WASHINGTON — Republican leaders scrambled for support on Tuesday ahead of a vote to take up legislation repealing the Affordable Care Act, negotiating, pressuring and cajoling Republican senators but preparing for another embarrassing setback for President Trump.

Republican leaders seemed to be taking a page from the playbook used to get a bill over the line in the House, trying to find ways to appease the most conservative members of their conference while pressuring moderates to fall in line with fewer concessions. Senator Mitch McConnell of Kentucky, the majority leader, cast his lot early on by allowing the bill to be more conservative than his moderate members wanted, setting the tone for the debate.

Conservatives now want to allow states to waive the Affordable Care Act’s prohibition on insurance companies charging sick people more for coverage and are asking for a more expansive waiver system for state regulators. They are also demanding more money for tax-free health savings accounts to help people pay for private insurance.

Senators from states that expanded the Medicaid program — and Senator Susan Collins, Republican of Maine — would most likely not brook many of those changes, especially the measure to severely undermine protections for people with pre-existing medical conditions. They want more money for mental health benefits for people addicted to opioids and money for states to cover people left behind by the rollback of the Medicaid program in both the House and Senate versions.

On Monday, three Republican senators — Ms. Collins, Rand Paul of Kentucky and Ron Johnson of Wisconsin — said they would vote against the motion to begin debate scheduled to hit the Senate floor on Wednesday, joining Senator Dean Heller of Nevada, who made the same pledge on Friday.

A bevy of other senators from both flanks of the party seemed headed in the same direction if they did not see changes made to the Senate health care bill, leaving the measure in deep peril, since Republicans can only lose two votes from their own party.

But House Speaker Paul D. Ryan, who won House approval for a repeal bill after a few false starts, expressed confidence in Mr. McConnell on Tuesday.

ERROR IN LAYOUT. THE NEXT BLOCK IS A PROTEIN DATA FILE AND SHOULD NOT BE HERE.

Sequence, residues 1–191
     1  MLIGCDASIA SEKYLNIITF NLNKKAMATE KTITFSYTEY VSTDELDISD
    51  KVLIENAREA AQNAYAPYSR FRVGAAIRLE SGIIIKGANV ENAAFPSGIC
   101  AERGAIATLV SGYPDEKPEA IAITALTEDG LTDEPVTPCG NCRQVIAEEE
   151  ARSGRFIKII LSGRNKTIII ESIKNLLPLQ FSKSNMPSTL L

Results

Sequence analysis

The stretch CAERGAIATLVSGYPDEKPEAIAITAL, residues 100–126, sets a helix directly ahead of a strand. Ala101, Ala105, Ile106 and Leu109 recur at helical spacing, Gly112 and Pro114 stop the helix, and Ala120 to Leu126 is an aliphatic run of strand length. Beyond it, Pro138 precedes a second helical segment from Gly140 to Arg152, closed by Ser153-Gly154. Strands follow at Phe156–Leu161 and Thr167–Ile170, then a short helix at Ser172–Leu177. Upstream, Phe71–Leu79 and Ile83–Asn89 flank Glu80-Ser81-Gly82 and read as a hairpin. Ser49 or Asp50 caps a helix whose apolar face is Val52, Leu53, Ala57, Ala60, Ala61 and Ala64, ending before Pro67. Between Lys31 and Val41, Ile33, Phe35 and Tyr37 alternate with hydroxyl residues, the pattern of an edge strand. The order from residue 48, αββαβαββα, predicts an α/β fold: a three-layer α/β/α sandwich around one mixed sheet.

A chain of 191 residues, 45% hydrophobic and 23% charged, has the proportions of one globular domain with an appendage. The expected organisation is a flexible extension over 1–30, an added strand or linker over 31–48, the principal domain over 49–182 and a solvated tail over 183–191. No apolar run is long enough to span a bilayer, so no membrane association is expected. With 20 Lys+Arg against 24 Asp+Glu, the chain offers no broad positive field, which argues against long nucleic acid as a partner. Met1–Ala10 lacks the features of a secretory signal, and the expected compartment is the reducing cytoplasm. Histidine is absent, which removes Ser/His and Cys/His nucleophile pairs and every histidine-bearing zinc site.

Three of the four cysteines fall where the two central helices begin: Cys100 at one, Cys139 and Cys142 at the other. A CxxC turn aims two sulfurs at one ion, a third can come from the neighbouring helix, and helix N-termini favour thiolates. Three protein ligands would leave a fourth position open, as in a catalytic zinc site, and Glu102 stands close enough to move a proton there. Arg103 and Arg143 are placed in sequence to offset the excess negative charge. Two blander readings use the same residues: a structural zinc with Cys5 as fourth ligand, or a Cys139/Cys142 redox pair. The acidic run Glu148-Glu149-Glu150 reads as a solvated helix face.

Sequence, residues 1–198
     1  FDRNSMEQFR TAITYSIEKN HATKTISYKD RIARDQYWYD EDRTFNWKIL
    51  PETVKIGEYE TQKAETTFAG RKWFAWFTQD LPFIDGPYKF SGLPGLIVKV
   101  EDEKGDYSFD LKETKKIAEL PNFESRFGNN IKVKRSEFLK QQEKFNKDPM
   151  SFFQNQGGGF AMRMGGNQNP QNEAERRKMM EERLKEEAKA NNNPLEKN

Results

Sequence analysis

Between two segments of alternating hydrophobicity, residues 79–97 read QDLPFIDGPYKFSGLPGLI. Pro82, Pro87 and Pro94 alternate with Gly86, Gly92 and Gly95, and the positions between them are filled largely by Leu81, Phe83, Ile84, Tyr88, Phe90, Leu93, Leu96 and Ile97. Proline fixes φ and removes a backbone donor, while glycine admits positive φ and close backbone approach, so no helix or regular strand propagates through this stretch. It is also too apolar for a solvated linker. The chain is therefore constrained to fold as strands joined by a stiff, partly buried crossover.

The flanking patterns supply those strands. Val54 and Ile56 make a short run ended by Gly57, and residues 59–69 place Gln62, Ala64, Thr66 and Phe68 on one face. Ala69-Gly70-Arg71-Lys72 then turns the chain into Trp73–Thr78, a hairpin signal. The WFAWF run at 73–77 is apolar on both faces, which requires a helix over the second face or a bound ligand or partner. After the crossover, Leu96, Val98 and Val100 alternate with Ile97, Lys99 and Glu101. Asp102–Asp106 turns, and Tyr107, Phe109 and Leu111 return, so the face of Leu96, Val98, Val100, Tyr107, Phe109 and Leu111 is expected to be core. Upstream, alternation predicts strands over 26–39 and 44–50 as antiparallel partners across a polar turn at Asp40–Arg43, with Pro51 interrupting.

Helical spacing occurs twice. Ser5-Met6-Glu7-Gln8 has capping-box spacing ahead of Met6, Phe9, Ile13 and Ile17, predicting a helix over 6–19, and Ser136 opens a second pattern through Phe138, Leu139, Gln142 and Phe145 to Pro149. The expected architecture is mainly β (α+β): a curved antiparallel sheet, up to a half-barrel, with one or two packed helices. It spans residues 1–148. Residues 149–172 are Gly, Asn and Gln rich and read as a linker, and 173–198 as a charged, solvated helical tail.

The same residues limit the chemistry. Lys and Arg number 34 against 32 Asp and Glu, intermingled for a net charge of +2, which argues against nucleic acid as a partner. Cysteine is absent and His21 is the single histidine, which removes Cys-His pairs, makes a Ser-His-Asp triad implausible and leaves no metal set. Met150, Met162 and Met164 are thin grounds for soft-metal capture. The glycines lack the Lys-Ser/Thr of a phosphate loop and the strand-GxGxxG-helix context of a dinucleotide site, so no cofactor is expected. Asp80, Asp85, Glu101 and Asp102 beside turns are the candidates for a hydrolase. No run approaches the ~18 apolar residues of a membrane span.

“I would not bet against Mitch McConnell,” Mr. Ryan said. “He is very, very good at getting things done through the Senate, even with this razor-thin majority. I have every expectation that the Senate — I don’t know what day — but I have every expectation the Senate will move this bill.”

The release of a Congressional Budget Office evaluation on Monday did little to help leaders roll up votes from either side of the fence. The budget office said the Senate bill would leave 22 million more uninsured after 10 years, while sending out-of-pocket medical expenses skyrocketing for the working poor and those nearing retirement.

The budget office did not provide conservatives with support for their demands either. The state waivers already in the Senate bill “would probably cause market instability in some areas” and “would have little effect on the number of people insured” by 2026, the analysis concluded. Adding still more waivers, including one that could allow insurers to price the sick out of the health care market, could deprive even more people of health care.

White House officials were bracing for the increasing likelihood that the procedural vote would fail and they would have to take the measure back up after the Fourth of July recess — when they hoped to be able to woo Mr. Johnson, who has been a surprisingly fierce critic of the bill from the right. The senator has repeatedly warned that this week is too soon to vote on the health care measure, as Republican senate leaders have insisted they need to do.

Just as he did with the House when the far right and a small group of moderates both prevented initial passage of a bill, Vice President Mike Pence, who has attended most of the Senate Republican Tuesday lunches — and quietly hosted senators and House members for a…